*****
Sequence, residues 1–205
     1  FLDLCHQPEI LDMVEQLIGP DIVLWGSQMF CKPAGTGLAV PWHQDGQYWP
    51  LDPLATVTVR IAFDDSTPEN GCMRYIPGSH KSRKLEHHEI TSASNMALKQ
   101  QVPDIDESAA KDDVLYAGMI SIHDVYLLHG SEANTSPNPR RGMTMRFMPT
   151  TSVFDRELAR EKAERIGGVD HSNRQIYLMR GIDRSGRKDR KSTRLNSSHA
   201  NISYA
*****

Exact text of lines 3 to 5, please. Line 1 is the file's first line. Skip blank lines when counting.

    51  LDPLATVTVR IAFDDSTPEN GCMRYIPGSH KSRKLEHHEI TSASNMALKQ
   101  QVPDIDESAA KDDVLYAGMI SIHDVYLLHG SEANTSPNPR RGMTMRFMPT
   151  TSVFDRELAR EKAERIGGVD HSNRQIYLMR GIDRSGRKDR KSTRLNSSHA